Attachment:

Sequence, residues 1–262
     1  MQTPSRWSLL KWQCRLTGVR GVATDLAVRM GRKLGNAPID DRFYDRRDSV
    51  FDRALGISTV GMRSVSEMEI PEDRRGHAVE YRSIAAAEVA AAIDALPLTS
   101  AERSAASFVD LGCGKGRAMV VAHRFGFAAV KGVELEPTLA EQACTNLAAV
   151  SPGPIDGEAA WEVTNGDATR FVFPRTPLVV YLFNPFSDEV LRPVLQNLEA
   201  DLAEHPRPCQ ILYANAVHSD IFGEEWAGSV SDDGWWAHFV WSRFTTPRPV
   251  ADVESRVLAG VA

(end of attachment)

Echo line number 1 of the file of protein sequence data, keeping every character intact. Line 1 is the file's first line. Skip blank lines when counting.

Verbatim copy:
Sequence, residues 1–262